While It's easy to forget about potential flooding in the midst of enjoying another beautiful summer, it's incredibly important to stay prepared and ready at all times.

Floods are unpredictable and, unlike a predicted hurricane, leave little time to prepare.  Following a hurricane especially, flash flooding can occur suddenly due to rapidly rising waters in low lying areas after days of heavy rains.

Floods are not only the most frequent natural and human caused disasters, they are also the most costly. And with the recent record flooding that wreaked havoc on Kauai’s North Shore in April of this year, and the hundreds of millions of dollars that have been estimated to repair the damages in residential, agricultural and commercial areas, it’s that much more evident that being prepared and informed in Hawai'i is incredibly crucial.

See below for a very helpful list from the Hawaii Emergency Management Agency on what to do before, during and following an unexpected flood. 

Before a flood

  • Gather important documents like your flood insurance policy and homeowners insurance details
  • Reduce the risk of damage from flooding by elevating critical utilities, such as electrical panels, switches, sockets, wiring, appliances and heating systems.
  • Keep a supply of sandbags to direct floodwater away from your home
  • Plan places where your family will meet, both within and outside of your immediate neighborhood.
  • Become familiar with alternate routes and other means of transportation out of your area. Choose several destinations in different directions so you have options in an emergency.
  • Leave early enough to avoid being trapped by severe weather.
  • Follow recommended evacuation routes. Do not take shortcuts; they may be blocked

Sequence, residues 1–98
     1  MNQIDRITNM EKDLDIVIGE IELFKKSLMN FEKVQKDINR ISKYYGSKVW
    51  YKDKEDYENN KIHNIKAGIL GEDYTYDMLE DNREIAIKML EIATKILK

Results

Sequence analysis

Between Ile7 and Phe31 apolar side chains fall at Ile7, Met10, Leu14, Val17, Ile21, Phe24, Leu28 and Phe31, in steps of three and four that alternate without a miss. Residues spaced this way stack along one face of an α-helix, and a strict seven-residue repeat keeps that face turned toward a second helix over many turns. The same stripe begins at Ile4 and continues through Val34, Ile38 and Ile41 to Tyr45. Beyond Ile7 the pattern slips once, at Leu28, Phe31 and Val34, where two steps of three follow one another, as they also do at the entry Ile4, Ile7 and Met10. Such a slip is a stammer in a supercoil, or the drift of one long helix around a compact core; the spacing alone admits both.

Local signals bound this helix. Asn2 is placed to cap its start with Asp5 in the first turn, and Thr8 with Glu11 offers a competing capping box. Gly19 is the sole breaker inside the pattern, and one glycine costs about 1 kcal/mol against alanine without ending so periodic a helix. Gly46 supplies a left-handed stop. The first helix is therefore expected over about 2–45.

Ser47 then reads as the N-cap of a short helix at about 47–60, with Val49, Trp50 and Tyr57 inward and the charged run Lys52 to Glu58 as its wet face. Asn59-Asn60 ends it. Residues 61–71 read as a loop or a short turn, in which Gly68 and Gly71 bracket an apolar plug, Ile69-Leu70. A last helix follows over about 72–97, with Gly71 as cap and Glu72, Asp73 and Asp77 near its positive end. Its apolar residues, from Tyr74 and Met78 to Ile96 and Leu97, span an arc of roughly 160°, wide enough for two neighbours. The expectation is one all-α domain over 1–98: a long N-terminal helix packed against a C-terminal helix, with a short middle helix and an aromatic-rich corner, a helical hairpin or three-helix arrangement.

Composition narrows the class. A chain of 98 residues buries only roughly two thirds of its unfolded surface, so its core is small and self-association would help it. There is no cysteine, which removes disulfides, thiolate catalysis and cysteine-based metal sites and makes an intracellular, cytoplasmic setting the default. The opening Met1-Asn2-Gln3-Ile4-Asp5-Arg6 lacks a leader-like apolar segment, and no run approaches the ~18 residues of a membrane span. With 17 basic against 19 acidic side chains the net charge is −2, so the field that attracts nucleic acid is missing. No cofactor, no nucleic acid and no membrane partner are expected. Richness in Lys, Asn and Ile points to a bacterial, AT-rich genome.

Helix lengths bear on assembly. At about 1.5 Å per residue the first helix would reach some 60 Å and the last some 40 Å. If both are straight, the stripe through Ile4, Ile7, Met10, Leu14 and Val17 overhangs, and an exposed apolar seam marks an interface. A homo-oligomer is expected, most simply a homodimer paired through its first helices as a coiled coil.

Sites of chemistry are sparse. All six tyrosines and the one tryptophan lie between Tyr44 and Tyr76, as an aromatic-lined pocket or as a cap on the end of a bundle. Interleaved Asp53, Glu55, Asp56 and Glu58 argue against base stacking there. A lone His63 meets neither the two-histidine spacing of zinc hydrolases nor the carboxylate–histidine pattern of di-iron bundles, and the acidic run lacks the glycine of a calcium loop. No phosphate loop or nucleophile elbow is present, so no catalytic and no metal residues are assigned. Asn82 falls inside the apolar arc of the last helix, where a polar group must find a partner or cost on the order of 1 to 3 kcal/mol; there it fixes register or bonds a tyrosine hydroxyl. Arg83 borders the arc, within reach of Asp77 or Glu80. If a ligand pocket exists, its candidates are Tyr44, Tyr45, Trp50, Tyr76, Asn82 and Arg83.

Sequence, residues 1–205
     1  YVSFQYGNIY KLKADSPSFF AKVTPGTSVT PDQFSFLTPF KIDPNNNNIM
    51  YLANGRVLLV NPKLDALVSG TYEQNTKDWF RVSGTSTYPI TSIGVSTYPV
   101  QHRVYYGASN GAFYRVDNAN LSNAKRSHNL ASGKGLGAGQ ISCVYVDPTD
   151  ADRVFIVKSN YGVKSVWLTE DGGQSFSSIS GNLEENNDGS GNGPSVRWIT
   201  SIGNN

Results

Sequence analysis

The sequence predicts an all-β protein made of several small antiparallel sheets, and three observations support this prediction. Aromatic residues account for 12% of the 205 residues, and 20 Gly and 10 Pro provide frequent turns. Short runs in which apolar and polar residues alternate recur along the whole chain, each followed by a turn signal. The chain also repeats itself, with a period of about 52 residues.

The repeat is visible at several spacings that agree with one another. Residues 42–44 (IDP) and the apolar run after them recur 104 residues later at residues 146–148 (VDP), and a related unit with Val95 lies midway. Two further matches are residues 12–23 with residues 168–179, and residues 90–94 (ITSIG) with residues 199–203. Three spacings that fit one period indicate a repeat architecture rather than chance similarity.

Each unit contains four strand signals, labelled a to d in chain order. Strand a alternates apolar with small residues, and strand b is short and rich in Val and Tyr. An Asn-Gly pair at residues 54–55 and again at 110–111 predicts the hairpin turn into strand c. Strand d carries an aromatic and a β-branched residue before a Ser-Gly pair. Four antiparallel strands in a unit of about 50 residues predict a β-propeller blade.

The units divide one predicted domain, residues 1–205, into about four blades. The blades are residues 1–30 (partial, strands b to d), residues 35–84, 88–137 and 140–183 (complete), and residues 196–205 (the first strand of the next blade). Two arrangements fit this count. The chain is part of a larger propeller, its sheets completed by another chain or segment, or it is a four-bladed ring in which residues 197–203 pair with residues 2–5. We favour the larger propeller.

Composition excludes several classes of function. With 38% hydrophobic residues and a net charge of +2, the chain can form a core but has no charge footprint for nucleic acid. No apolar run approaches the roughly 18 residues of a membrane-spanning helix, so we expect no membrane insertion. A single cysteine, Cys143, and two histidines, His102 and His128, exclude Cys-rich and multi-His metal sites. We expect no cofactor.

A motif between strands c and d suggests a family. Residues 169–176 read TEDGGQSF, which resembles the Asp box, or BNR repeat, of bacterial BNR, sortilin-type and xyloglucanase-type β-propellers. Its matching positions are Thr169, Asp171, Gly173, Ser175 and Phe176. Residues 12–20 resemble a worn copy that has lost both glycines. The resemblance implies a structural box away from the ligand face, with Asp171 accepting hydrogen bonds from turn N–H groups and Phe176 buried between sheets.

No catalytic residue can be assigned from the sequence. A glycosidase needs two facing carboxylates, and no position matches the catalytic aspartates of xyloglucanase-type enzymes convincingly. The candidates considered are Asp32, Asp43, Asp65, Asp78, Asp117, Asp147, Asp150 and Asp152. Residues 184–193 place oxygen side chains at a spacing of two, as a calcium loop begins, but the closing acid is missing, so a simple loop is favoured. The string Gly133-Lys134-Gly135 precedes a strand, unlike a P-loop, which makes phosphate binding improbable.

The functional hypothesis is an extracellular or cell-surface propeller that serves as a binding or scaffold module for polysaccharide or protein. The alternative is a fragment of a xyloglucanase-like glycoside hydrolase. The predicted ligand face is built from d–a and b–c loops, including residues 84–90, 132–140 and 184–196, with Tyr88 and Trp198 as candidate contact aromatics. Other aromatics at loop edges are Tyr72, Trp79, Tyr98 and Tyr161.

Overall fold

• Make an emergency supply kit - Like this helpful supply list provided by FEMA 
  • Turn off utilities. Disconnect electrical appliances and do not touch electrical equipment if you are wet or standing in water.
  • Call or text an out-of-state contact (non-808 area code contact) in your family 
  • Leave a note telling others when you left and where you are going.
  • Wear sturdy shoes and clothing that provides some protection such as long pants, long-sleeved shirts and a cap.
  • Be aware that flash flooding can occur quickly and without warning so be prepared to move to higher ground and do not wait for instructions to do so.
  • Secure your home and elevate essential items above potential water line. Turn off utilities. Disconnect electrical appliances.

 During a Flash Flood: Stay informed!

  • Listen for the State Outdoor Warning Sirens
  • Emergency Alert System (EAS).  EAS is used to alert the public about disasters using radio and television
    • Island of Oahu: KSSK-AM 590, KRTR-FM 96.3
    • Island of Maui: KMVI-AM 550
    • Island of Kaua'i: KQNG-FM 93.5
    • Island of Hawai'i (Hilo): KIPA-AM 620
    • Island of Hawai'i (Kona): KKBG-FM 97.9

  • Avoid contact with floodwaters which can be contaminated by gasoline or raw sewage.  Floodwaters may also be electrically charged from downed power lines.
  • Do not touch electrical equipment if you are wet or standing in water.

Following a flood

  • Return home only when authorities have indicated it is safe to do so.
  • Address damaged sewage systems as soon as possible due to serious health hazards attached to overflowing septic tanks, cesspools and leaching systems.
  • Clean and disinfect everything that got wet.
  • Contact Premier Restoration Hawaii or another IICRC Certified professional water damage restoration company on your island to dry all affected areas that may have come in contact with the flood water as areas like drywall, carpet and flooring exposed to moisture may encounter mold growth after 72 hours of saturation.